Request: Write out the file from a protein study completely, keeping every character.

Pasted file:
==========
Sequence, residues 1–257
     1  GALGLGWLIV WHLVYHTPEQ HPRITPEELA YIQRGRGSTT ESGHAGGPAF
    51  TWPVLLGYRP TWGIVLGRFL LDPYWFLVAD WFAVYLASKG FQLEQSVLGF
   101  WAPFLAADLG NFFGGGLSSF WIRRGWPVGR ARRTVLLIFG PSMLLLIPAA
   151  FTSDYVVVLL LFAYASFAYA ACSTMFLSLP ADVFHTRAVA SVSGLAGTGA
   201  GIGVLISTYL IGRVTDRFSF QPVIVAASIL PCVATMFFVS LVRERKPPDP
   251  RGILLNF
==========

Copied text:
Sequence, residues 1–257
     1  GALGLGWLIV WHLVYHTPEQ HPRITPEELA YIQRGRGSTT ESGHAGGPAF
    51  TWPVLLGYRP TWGIVLGRFL LDPYWFLVAD WFAVYLASKG FQLEQSVLGF
   101  WAPFLAADLG NFFGGGLSSF WIRRGWPVGR ARRTVLLIFG PSMLLLIPAA
   151  FTSDYVVVLL LFAYASFAYA ACSTMFLSLP ADVFHTRAVA SVSGLAGTGA
   201  GIGVLISTYL IGRVTDRFSF QPVIVAASIL PCVATMFFVS LVRERKPPDP
   251  RGILLNF